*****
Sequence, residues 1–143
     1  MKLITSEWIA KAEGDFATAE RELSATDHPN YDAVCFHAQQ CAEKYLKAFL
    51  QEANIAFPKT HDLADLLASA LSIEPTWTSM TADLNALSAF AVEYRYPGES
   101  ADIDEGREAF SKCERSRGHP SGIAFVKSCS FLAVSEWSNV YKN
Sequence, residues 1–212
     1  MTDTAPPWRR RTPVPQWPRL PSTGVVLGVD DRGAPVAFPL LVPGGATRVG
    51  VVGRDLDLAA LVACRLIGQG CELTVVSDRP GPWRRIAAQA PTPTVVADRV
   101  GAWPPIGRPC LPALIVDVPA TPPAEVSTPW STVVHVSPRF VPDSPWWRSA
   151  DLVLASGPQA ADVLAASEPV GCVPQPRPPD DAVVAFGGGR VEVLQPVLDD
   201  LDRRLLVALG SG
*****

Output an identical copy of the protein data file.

Sequence, residues 1–143
     1  MKLITSEWIA KAEGDFATAE RELSATDHPN YDAVCFHAQQ CAEKYLKAFL
    51  QEANIAFPKT HDLADLLASA LSIEPTWTSM TADLNALSAF AVEYRYPGES
   101  ADIDEGREAF SKCERSRGHP SGIAFVKSCS FLAVSEWSNV YKN
Sequence, residues 1–212
     1  MTDTAPPWRR RTPVPQWPRL PSTGVVLGVD DRGAPVAFPL LVPGGATRVG
    51  VVGRDLDLAA LVACRLIGQG CELTVVSDRP GPWRRIAAQA PTPTVVADRV
   101  GAWPPIGRPC LPALIVDVPA TPPAEVSTPW STVVHVSPRF VPDSPWWRSA
   151  DLVLASGPQA ADVLAASEPV GCVPQPRPPD DAVVAFGGGR VEVLQPVLDD
   201  LDRRLLVALG SG